The real question is not why government wants to push the Swachh Bharat Abhiyan, but what it wants to pack into this campaign and how it will approach the issue.
I called Raavanji and Bezwada Wilson to see what they thought of the Swachh Bharat Abhiyan to be launched today on Gandhi Jayanti. Raavanji or Darshan Ratna “Raavan” has started a socio-religious movement, the Adi-Dharma Samaj. Aimed at drawing the next generation of scavenging communities away from this degrading occupation, it has done pioneering work to spread awareness about education and deaddiction. Wilson Bezwada, also from a safai karmachari family like Raavanji, started the Safai Karmachari Andolan, the organisation that spearheads the campaign to eradicate manual scavenging. Over the years, they have guided me in thinking about the life and livelihood of communities engaged in scavenging.
Both of them were unimpressed with the official Swachh Abhiyan. “This is just a recycled version of the UPA’s Nirmal Bharat campaign,” said Wilson. He thought it was about the manufacturers (who build toilets) and customers (who use facilities), not about service providers (who do the cleaning). Raavanji was peeved at the choice of a Valmiki colony to launch the campaign. “This is yet another way of stigmatising the community and reaffirming its connection to this degrading occupation”, he said.
But I did not fully share their scepticism. Activists tend to be overcritical. When the prime minister spoke from the Red Fort about the Swachh Bharat Abhiyan and the need for toilets for girls, it resonated with many Indians like me. At long last, a PM was talking about a real, mundane problem that affects peoples’ everyday lives. Granted, every sarkari function has a degree of tamasha and farce built into it. Yet, a campaign like this one can serve to focus on an issue that badly needed national attention. The sight of a national political leader picking up a broom can be empowering and liberating. So, the real question is not why the government wants to push the Swachh Bharat Abhiyan. The real question is what the government wants to pack into this campaign, and how it is going to approach this issue.
For this campaign to be effective, the issue of cleanliness has to be approached differently. It must not be cleanliness just for you and me, the middle-class consumers of civic amenities who encounter dirt as they step out of their homes and gated colonies. The focus must shift to the aam aadmi, who lives and earns a living in highly unhygienic conditions. The focus must also be widened from the visible dirt on the street to the invisible and often more deadly lack of a clean environment. Finally, the national campaign for a clean India must focus on who is to clean India, on how to provide a dignified life to those who have carried the burden of cleaning so far.
This gives us a four-fold campaign. The beginning has to be made by cleaning the filth on our streets and public spaces. If nothing else, cleaning these most visible sites of dirt would have a therapeutic effect. The danger here is tokenism: public spectacles don’t last long and often don’t achieve much. It would be a good idea to involve citizens in keeping vigil over selected garbage dumps. The real question is: will we stay awake after October 2?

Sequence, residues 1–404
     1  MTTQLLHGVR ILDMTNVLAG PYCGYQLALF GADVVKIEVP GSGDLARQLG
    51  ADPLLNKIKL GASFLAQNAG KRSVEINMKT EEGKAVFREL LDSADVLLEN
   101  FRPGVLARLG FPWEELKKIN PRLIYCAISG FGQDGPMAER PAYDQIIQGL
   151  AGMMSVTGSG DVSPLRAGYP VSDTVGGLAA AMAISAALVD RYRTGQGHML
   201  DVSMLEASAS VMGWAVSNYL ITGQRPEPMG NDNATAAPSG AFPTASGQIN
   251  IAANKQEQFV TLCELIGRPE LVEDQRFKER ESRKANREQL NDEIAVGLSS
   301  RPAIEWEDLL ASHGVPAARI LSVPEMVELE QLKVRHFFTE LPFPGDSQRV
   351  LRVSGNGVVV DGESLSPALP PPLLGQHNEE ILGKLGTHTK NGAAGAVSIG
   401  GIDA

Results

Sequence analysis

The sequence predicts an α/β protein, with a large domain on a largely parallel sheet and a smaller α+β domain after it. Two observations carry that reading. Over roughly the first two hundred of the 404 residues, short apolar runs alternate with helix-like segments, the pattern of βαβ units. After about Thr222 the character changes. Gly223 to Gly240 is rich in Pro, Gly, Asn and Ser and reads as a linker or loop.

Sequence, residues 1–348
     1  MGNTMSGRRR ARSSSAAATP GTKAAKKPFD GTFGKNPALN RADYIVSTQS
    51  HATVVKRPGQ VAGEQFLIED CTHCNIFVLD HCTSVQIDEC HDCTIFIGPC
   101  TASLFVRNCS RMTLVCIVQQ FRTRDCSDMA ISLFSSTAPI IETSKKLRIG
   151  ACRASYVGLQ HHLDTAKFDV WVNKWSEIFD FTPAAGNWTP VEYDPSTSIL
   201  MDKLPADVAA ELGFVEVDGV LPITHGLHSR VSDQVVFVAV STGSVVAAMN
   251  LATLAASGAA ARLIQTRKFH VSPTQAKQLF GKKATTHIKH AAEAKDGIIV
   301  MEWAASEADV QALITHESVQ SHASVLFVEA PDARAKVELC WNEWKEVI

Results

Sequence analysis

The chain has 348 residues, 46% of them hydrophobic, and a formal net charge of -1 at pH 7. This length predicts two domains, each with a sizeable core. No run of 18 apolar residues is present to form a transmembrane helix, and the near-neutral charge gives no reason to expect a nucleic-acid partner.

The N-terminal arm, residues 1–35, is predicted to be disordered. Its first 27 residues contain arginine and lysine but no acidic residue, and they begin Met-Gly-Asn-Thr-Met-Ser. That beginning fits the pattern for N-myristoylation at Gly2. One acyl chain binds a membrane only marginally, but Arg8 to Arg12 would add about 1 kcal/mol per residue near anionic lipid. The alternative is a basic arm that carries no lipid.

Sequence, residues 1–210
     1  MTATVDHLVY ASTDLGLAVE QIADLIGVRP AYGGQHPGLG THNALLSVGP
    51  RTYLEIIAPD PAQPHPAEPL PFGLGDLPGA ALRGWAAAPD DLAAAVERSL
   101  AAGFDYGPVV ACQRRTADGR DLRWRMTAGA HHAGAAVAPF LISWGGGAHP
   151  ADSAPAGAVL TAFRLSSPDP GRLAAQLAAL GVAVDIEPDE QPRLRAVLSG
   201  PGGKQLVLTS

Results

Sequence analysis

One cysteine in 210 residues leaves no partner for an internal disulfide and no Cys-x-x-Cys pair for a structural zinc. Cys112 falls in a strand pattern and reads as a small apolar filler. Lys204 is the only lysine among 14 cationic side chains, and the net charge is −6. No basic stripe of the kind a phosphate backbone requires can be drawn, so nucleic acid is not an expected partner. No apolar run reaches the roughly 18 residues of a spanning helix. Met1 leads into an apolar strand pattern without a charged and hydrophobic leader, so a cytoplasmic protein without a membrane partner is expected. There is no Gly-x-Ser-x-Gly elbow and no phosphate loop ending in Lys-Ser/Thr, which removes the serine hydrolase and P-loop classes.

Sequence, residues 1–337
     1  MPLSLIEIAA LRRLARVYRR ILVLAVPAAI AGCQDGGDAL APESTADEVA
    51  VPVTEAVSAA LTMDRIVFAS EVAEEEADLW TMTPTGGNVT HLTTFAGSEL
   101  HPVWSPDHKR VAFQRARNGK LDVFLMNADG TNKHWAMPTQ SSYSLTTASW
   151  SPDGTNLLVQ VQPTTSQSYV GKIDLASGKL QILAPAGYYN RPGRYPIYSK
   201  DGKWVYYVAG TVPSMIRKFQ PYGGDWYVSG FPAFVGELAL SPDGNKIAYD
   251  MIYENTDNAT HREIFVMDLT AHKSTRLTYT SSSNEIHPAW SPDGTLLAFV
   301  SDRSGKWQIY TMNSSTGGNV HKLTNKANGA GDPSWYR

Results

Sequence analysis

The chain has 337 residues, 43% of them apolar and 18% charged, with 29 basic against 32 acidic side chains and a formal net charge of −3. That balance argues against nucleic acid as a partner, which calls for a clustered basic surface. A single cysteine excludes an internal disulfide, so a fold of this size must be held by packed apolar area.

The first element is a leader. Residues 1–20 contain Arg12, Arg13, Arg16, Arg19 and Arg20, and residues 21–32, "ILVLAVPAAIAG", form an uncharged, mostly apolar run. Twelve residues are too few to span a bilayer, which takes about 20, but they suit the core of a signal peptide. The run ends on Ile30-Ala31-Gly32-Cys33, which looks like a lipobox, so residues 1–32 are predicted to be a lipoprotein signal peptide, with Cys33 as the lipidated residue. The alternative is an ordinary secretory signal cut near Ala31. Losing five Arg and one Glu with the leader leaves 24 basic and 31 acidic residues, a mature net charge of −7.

The second arena is cleaning the environment. Some of the challenge is visible in the form of mountains of solid waste in any metropolis in the country, or the filthy state of our water bodies. Air pollution is less visible. If the national campaign for a clean India were to skirt the difficult issue of environmental pollution, we may have touched just the tip of the iceberg. The trouble is that the current government has started rolling back many existing environmental safeguards. Pollution norms have been diluted, institutions for monitoring these have been disempowered. Do we have the political will to clean our environment?
The third arena is to de-stigmatise cleaning. We need to challenge a national hypocrisy: we all love cleanliness and hate cleaning. Gandhiji thought the scavenging occupation could be de-stigmatised without breaking the caste-occupation link. He tried hard and sincerely to convince fellow countrymen about the virtues of scavenging. He failed. He was bound to fail in this caste-ridden society. We need to move beyond Gandhiji and learn from Ambedkar here. The way to de-stigmatise scavenging is to break its ties with one caste. For me, some of the most moving moments in the last few years have been the “seminars” Raavanji organises for Valmiki boys and girls engaged in higher education. That is the way for the future.
Besides, the working conditions of the safai karmacharis must become a national priority. Ad-hoc, temporary and contractual jobs are the norm for them. They get paid poorly and have no job security. The condition of sewer workers should be a matter of national shame. They must get the same gear and medical protection as the fire tender workers. And the most degrading practice of manual scavenging must go. Ask Bezwada Wilson about how the government has dragged its feet on this issue, despite the law and court judgments. Would the Swachh Bharat Abhiyan become the occasion for an end of this degrading practice?
The fourth and final arena must be cleansing our conscience. Untouchability has not been eradicated from our minds and hearts, not even in modern, cosmopolitan India, and the scavenger still bears the brunt. The Swachh Bharat Abhiyan may be the right moment to offer a national apology to the safai karmachari community and to take a collective pledge for the future. Would the PM lead the country in this?
The writer, chief spokesperson of Aam Aadmi Party, is currently on leave from CSDS
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